The Choice of Stone For your Memorial: Granite or Marble

Granite

Please note the following when deciding on a particular type or colour of granite that you may be considering:
Granites, by their very nature, are natural, quarried materials and as such will vary in colour, shade and grain size. Sometimes there will be directional markings, or larger dark or light crystals in the finer grain granites. You should be aware that no two pieces will be identical. On occasions larger, random blemishes will be present in the stone – but this is normal and to be expected from something that has been randomly created by extreme forces of nature millions of years ago rather than by design in a factory last week. Any order placed with us is on the understanding that these natural variations may exist.

Light grey and white granites tend to be more absorbent than darker materials, which could lead to visible staining by objects left on the memorials such as flower wreaths with rusty wire, dead petals and leaves or staining by other environmental conditions (like tree sap, grass clippings, bird droppings – especially during the berry season – and other passing wildlife i.e. dogs, foxes etc.).

Lighter coloured granites are more absorbent and in wet conditions you can expect the stone to draw water into it – creating a temporary darker colour change in the affected parts of the stone where the water line rises up the stone. When the stone dries out its normal colouring should return. The darker the stone colour, the denser and less absorbent it tends to be – thus reducing the risk of discolouration due to external conditions. However, ALL stone is absorbent – just to varying degrees. There are two aspects that you should be aware of regarding this issue:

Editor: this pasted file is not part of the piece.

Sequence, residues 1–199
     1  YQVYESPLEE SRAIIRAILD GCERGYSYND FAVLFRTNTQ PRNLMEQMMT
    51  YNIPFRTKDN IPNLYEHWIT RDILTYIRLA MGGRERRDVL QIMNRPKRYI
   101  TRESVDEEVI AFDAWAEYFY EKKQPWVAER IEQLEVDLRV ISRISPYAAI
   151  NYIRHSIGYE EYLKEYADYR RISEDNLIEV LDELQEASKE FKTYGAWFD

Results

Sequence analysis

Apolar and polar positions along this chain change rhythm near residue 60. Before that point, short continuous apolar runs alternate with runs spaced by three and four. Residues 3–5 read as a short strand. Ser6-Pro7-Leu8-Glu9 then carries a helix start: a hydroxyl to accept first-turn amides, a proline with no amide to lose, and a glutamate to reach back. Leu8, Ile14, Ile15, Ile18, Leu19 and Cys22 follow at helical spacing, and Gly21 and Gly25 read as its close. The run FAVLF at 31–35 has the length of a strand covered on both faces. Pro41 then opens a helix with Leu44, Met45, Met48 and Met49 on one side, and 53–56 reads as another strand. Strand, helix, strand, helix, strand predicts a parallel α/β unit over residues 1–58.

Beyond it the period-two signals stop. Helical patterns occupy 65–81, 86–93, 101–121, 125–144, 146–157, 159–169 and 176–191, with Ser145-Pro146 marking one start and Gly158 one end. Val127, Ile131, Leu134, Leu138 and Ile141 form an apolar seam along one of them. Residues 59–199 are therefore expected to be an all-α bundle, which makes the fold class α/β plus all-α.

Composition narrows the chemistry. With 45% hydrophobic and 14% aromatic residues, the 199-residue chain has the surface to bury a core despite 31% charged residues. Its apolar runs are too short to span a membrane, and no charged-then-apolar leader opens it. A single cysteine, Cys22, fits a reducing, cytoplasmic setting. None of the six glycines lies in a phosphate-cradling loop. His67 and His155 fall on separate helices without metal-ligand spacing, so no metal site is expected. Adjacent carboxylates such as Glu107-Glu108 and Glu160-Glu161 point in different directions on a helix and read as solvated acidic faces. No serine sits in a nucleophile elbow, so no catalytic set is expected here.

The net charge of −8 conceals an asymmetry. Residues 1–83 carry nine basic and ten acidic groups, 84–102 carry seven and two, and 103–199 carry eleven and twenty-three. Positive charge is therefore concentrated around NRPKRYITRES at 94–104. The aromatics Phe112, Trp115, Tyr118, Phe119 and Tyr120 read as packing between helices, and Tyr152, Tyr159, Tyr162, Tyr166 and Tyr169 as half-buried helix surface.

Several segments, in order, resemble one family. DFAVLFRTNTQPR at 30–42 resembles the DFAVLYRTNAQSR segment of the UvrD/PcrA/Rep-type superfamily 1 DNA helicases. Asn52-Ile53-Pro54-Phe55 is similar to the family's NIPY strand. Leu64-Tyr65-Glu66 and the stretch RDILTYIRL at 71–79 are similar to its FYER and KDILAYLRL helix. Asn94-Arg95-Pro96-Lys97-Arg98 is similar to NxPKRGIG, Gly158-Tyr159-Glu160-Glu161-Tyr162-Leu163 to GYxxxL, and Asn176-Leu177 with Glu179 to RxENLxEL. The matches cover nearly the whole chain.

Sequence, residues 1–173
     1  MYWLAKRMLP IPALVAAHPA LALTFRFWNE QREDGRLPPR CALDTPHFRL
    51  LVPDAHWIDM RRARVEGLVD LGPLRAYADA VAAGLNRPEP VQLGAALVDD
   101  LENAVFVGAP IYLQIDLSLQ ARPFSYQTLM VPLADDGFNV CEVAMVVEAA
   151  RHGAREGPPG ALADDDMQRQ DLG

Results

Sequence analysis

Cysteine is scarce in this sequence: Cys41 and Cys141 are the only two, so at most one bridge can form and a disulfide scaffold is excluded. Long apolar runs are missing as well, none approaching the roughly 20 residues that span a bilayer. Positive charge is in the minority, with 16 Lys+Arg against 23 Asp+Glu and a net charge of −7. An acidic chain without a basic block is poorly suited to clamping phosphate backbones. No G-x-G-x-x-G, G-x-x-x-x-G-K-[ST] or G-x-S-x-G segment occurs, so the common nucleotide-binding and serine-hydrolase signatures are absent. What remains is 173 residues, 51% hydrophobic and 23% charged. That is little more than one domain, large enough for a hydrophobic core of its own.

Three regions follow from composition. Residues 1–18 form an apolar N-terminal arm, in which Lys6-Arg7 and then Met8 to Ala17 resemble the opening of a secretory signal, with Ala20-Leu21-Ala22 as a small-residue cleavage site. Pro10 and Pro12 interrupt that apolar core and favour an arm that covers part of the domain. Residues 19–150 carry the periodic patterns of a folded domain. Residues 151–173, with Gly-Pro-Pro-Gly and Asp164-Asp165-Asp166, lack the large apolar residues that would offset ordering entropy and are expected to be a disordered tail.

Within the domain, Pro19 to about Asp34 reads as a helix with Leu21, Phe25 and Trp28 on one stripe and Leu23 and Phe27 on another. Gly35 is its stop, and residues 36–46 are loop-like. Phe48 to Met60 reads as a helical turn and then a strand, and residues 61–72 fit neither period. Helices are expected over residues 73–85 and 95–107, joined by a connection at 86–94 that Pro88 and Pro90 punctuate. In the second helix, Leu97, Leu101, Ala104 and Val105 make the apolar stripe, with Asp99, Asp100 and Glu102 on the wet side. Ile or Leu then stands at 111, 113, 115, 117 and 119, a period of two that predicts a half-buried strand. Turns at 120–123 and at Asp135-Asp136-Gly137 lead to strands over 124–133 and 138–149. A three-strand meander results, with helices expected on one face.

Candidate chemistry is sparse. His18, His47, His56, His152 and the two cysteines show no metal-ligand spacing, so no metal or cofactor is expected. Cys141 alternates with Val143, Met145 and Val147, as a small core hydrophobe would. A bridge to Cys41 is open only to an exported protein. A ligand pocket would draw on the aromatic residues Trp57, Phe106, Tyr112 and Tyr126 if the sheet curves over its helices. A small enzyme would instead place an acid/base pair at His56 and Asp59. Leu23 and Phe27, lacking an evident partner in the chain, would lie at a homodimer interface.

(a) Some stones will have naturally occurring micro cracks buried deep within the granite (called vents) and on occasions, if moisture collects within these and freezes during extreme cold temperatures then the expansion can force the crack to the surface. This may be less obvious in a dark granite but in lighter colours (i.e. white granite) dirt and dust can then get caught in these micro cracks and highlight them via a grey or dark line.

(b) The porous nature of stone can have consequences for any lettering or designs that are cut into the stone. You are recommended to refer to the Guidance Note: Your Memorial’s Inscription for further information.

Marble

Like granite marble is a quarried stone that has taken millions of years to form. We obtain our marble from Carrara in Italy. The majority of marble is white in colour but there are variations – such as Dove Grey marble. Some marble will have a vein effect running through it. In Carrara white marble this can have a blueish tinge and in Dove Grey marble these veins tend to be white. This is natural. It is a very absorbent stone and can be easily stained – so it requires regular cleaning with suitable cleaning products otherwise you can expect it to discolour over time. Tree sap, grass clippings, flower petals and pollen can have an adverse effect – along with passing birds and wildlife. Moisture in the stone can encourage the growth of micro bio-organisms – like mould, lichen and moss – and cause discolouration.